anyone know if this tube tester will do a good job testing tubes?

Kyle B

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5,290
With due respect, and acknowledging that I have no idea who you are or what level your abilities... suffice to say if you don't have some fairly decent understanding of electrical circuit function, this is probably not going to be particularly usable by you in its current state. You've got to understand what it is you're testing and what results you should be getting, and why, to obtain meaningful results. You might notice there's a couple jacks labeled "6000V". Yeah, you really need to know your stuff before poking around inside or you might get seriously zapped.

If the machine IS tested and verified (and probably subsequently restored) by somebody with some expertise who's willing to teach you it's operation, then sure it'll work for you. It's not rocket-science to set it up. Note it's an "emissions" tester, meaning it will show only the most basic of results... Whether a tube is 'good', 'ok' or 'bad' basically (even then with quite alot of tolerance). I.e. if the needle falls into the 'green' zone it's good, yellow is marginal, red is bad. http://www.retrotechnology.com/restore/precision954.html A better indicator of tube condition is transconductance, which this machine will seemingly not test for.

This guy (whom I do not know nor do I specifically endorse) will calibrate it for $80 https://www.ebay.com/itm/Precision-...062048&hash=item1ed0b619f2:g:KJAAAOSwB-1Ytfrx If true, that's stupid cheap. Or maybe it's just a way to get you to send it to him so he can give an estimate for 'repair'. He's probably an older hobbist or retired pro... dudes with tube expertise are getting more rare these days.
 

Johnny Cache

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570
Nice vintage Tube Tester! Do you have the manual? I grew up using tube testers in my Dad's shop, everything was tubes in those days. I use to have 3 of them but now down to just one, my favorite. There a good tool to have and learn how to use, it will tell you things about your tubes you can't know without testing them. Some people poohoo them, okay, maybe they know something I don't. But I'd rather know more about the tubes I use than less or guess before putting tubes in one of my amps (I test every tube I use before using it) I've found bad tubes I thought were good, especially Russian tubes! with common brand names, you know. And, I've solved some problems quickly finding a bad tube by testing it. Another benefit is, I've come across allot of bulk tubes and old gear and pulled the tubes and tested them and found some nice OS tubes for my use even sold a few. So yeah there are a few good reasons to have a tube tester. If you don't want it I bet you can sell it.

Off hand I can't tell you much about the one you have, but like all tube testers they measure strength of the tube (emission), and test for shorts, some do gas checks (life of the tube), and grid leakage and some can do mutual conductance or transconductance which is hard on tubes usually not necessary. But the main thing is it helps you find a bad tube. As far as the hype with calibrating them. Most the time it's easy enough to do with a known tube in good condition. I keep a few tubes handy for calibration with known values, only used for that purpose. Some testers are Solid State shouldn't need calibration, others like mine have a internal tube, mine has a 6C4 and I keep an extra one as a back up I know the value of (tested), incase it ever needs replacement. BTW I almost forgot mine is self calibrating all you need is a screw driver to set the meter.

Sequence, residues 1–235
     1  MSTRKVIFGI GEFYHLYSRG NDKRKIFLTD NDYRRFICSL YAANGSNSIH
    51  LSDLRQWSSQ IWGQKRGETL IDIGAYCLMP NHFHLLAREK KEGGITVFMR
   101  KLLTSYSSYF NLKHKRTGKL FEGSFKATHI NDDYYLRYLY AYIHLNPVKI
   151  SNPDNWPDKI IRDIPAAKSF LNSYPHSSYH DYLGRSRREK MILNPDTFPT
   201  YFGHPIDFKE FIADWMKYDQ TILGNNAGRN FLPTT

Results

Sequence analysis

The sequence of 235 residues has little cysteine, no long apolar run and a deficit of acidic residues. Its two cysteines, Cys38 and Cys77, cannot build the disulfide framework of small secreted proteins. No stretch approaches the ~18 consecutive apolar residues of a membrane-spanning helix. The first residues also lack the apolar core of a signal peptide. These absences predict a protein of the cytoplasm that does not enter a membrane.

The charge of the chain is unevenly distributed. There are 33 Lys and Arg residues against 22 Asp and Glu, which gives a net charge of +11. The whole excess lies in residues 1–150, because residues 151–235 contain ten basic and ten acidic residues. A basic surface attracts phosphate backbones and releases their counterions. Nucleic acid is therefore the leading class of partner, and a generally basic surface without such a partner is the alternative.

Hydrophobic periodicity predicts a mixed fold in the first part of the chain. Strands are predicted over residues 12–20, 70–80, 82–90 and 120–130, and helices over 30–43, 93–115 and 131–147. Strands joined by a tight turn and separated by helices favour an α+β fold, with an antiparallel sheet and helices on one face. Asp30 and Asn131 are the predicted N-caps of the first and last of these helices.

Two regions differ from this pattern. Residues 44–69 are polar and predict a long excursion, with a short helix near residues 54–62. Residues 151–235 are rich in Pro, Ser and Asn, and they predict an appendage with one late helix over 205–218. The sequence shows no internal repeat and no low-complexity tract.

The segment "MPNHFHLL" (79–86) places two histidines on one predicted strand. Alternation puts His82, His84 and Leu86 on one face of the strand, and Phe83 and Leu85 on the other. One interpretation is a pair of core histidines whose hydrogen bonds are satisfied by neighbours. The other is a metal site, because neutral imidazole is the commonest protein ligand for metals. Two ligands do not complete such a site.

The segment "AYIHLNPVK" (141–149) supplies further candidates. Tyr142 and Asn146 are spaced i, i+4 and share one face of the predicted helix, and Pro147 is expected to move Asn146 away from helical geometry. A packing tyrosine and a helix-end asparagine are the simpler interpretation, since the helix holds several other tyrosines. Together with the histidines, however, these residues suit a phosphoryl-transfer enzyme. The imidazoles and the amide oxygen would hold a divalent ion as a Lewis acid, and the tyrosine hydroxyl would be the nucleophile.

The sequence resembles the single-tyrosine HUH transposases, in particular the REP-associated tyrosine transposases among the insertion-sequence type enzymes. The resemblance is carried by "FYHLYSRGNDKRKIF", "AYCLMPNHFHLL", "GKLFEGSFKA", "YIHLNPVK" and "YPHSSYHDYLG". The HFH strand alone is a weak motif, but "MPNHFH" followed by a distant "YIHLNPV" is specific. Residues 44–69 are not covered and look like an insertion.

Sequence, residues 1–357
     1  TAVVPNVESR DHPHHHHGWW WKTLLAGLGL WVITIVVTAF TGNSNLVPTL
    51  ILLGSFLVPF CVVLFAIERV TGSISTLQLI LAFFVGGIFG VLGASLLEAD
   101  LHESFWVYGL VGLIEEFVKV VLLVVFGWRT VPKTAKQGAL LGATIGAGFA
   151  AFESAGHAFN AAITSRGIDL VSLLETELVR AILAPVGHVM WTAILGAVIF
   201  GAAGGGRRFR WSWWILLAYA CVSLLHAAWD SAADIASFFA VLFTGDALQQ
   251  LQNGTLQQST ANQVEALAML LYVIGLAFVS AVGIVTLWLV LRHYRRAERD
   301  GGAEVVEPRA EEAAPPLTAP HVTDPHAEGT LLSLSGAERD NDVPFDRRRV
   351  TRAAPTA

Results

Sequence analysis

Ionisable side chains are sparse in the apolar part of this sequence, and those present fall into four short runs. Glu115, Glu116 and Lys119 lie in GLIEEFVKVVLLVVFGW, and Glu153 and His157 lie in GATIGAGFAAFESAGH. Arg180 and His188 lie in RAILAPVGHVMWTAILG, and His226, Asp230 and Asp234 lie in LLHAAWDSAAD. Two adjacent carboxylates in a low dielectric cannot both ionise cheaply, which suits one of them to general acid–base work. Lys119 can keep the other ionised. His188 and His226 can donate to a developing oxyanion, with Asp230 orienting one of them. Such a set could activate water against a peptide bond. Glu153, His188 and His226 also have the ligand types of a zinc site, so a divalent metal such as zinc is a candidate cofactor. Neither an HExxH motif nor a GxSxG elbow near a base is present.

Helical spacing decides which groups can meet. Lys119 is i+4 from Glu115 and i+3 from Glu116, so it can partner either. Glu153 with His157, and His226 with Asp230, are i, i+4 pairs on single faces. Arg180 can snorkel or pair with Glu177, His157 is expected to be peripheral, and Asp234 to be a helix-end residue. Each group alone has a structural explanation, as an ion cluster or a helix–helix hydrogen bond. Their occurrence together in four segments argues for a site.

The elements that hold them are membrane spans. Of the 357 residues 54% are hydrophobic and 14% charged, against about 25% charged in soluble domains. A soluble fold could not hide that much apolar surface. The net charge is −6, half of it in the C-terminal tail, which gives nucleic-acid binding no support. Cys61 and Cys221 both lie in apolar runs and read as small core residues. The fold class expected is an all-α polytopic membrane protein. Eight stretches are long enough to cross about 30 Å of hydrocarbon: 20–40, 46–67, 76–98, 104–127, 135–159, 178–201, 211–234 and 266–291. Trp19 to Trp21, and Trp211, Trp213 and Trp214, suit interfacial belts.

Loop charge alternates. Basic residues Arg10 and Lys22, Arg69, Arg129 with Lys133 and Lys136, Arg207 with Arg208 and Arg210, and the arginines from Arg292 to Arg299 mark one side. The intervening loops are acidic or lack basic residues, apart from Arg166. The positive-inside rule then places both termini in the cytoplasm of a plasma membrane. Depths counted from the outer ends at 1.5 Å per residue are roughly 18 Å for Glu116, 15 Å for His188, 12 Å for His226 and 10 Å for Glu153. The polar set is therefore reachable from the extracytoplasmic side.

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HotBluePlates

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14,057
... it will tell you things about your tubes you can't know without testing them. Some people poohoo them ...

The tester in the OP is an emission-type tester. It tests every tube as though it were a diode.

It does have a shorts test, and hopefully has a gas test. Those are important things to check before you get to any other test; however, every other type of tube tester also includes these functions (and will tell you more about the actual performance of the tube).

All an emissions-type tester can tell you (apart from gas/shorts) is the filament is working and the cathode has sufficient emission. I don't know about you, but I want to know more than that...

Check out Tomer's Getting the Most Out of Vacuum Tubes (1961) starting at page 111 for more info.

... some can do mutual conductance or transconductance which is hard on tubes usually not necessary. ...

You have it backwards: a transconductance (Gm) test at least has a bias voltage, and operates the tube with an applied signal somewhat as it would be used in a typical circuit. This is not "hard on the tube".

An emissions test connects every tube element except the heater & cathode to the plate, does not apply bias, and tests the tube as though it has only a cathode & plate. With no bias, there is nothing to limit plate/cathode current except the low value of applied plate voltage. This is hard on the tube, and a long-duration emissions test could injure the cathode.

For amplifiers, you'd like to be able to test the gain or a.c. amplification, and power output for output tube types. Usually, you never see either of those two in old testers, outside of purpose-built test jigs. Instead, transconductance is usually used as a stand-in figure-of-merit which closely correlates to gain/amplification for preamp pentodes, and gives an indication of gain for preamp triodes and power output for power tubes.


____________________________________
(EDIT: There are 2 typos on the upper half of page 115 in Tomer's book. The text says "triodes" but should say "diodes", and refers to the emission-type testers. Tomer states that the heavy current drawn excessively heats grid wires in high-Gm tubes, causing their spacing/alignment to change, and reduces their Gm in follow-on tests.)